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Re: GCC stack backtraces

On Wed, Aug 29, 2012 at 12:43 AM, Janne Blomqvist
<> wrote:
> On Wed, Aug 29, 2012 at 10:22 AM, Ian Lance Taylor <> wrote:
>> I've spent the last couple of days working on a stack backtrace library.
>> It uses the GCC unwind interface to collect a stack trace, and parses
>> DWARF debug info to get file/line/function information.
> [snip]
>> I expect to use this code not just for GCC proper, but also for libgo
>> (currently libgo uses Go code to parse DWARF, but that is not very
>> satisfactory as that code is only available if it has been imported into
>> the program).  So I put it under a BSD license, although that is open
>> for discussion.  Also in case it finds more uses elsewhere I wrote it in
>> reasonably portable C rather than C++.
>> Does this seem like something we could usefully add to GCC?  Does
>> anybody see any big problems with it?
> I haven't looked at the code, but if it is async-signal-safe it could
> be interesting for gfortran. Currently in libgfortran we have a
> backtracing routine, originally written by FX Coudert IIRC, since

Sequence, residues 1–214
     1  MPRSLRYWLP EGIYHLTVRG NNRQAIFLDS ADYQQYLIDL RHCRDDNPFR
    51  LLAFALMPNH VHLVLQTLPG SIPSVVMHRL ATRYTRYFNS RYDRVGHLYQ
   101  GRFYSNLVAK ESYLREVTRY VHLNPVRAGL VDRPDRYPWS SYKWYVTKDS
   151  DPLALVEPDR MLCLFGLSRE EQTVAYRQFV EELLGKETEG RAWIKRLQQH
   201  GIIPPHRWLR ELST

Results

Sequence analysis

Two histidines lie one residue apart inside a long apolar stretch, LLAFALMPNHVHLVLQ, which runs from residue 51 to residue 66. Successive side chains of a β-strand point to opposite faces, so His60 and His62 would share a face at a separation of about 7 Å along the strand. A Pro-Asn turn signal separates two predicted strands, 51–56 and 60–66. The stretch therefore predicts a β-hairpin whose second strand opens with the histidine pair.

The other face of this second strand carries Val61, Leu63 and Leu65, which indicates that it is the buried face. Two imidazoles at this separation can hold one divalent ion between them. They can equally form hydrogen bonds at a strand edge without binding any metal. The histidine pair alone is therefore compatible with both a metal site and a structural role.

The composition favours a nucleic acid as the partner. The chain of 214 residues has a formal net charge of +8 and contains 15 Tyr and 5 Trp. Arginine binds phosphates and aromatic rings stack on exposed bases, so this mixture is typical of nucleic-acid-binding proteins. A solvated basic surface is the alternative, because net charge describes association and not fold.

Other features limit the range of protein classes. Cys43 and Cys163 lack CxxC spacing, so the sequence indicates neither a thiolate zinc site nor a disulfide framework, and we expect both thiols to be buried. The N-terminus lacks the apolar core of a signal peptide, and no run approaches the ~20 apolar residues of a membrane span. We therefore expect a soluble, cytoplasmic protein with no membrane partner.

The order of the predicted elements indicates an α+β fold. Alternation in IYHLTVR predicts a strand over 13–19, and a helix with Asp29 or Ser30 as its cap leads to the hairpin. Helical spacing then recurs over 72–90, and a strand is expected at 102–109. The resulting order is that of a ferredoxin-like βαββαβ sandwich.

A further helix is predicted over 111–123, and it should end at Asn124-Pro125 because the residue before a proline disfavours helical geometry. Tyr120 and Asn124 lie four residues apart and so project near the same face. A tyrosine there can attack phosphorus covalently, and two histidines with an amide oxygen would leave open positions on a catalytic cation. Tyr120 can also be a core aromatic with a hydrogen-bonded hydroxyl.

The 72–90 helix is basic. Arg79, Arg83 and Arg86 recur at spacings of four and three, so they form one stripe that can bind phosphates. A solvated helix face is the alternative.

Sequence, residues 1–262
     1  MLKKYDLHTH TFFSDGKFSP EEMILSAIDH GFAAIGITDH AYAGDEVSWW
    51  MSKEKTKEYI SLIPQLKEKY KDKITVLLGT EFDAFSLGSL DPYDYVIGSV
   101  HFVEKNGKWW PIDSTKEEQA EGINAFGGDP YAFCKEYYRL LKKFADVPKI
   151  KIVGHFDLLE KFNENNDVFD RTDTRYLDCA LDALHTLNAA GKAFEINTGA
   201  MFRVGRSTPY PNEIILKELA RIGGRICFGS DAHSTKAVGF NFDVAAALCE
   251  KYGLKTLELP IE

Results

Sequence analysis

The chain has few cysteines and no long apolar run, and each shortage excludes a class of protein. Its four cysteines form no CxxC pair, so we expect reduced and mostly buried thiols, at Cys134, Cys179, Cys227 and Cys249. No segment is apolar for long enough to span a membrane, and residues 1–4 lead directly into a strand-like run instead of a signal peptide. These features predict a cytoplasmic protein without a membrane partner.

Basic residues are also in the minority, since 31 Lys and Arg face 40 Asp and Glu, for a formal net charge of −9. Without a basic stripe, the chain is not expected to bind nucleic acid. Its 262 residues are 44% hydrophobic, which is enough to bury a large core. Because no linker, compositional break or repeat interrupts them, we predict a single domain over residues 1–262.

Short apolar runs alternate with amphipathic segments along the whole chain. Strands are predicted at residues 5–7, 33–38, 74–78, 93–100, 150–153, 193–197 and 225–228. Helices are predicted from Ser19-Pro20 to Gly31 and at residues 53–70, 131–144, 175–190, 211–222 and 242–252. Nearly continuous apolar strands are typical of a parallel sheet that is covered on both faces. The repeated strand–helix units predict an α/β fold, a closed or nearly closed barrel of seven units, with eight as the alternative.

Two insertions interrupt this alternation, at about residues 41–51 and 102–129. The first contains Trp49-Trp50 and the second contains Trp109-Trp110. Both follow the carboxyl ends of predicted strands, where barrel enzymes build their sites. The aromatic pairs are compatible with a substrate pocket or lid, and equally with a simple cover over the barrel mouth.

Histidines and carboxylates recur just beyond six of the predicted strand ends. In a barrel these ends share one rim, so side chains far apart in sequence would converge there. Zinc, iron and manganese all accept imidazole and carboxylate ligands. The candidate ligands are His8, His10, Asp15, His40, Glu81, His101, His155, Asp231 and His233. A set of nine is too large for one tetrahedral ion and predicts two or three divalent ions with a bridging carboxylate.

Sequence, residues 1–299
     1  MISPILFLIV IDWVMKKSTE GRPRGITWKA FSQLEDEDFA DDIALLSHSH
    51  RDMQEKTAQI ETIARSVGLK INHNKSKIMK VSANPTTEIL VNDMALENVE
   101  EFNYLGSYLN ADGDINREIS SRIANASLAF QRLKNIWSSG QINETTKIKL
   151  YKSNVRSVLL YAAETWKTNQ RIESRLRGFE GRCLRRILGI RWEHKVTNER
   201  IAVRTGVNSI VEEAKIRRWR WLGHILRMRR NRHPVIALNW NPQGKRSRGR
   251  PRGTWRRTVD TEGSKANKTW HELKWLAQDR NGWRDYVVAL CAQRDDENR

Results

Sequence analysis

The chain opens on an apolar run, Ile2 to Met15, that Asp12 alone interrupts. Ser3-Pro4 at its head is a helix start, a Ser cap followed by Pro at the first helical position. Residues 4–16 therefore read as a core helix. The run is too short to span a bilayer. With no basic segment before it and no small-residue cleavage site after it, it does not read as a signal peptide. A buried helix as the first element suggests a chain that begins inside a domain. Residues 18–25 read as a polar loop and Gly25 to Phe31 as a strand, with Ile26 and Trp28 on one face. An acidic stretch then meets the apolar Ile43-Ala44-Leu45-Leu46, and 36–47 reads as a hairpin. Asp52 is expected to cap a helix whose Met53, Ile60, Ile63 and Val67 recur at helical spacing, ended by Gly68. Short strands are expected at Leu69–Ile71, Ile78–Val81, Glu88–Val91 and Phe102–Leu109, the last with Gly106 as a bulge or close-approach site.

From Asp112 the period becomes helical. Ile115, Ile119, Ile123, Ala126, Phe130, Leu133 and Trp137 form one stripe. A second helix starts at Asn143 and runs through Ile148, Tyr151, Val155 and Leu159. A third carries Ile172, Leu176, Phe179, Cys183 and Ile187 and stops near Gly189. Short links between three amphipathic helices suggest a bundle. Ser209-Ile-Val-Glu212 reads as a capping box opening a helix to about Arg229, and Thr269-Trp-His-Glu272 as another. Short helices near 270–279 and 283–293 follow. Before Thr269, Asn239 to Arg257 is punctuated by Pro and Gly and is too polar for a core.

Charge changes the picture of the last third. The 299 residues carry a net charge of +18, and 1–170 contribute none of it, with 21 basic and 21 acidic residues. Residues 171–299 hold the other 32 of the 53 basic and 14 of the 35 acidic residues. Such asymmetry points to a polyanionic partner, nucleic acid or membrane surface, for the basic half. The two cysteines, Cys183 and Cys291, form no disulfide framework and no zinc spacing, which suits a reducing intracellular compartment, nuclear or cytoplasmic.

> rewritten by yours truly a few times, that uses _Unwind_Backtrace()
> from libgcc and then pipes the output via addr2line, if found. Since
> it's invoked from a signal handler when the program (user program, not
> the compiler!) crashes, it needs to be async-signal-safe. AFAIK the
> current implementation *should* fulfill that requirement. But
> something that would be async-signal-safe and won't need addr2line to
> get symbolic info would be a nice improvement, in particular since
> addr2line doesn't work on OSX, and all that piping stuff doesn't work
> on Windows.

I believe the unwinder proper is async signal safe--it just uses

The DWARF reader calls malloc and is therefore not async-signal safe.
It would be difficult to write an efficient DWARF reader that does not
allocate any memory, and I'm not aware of any way to allocate memory
that is defined to be async-signal safe.  That said, as far as I know
mmap is async-signal safe in practice if not in theory, so one
approach would be  to do memory allocation using mmap.


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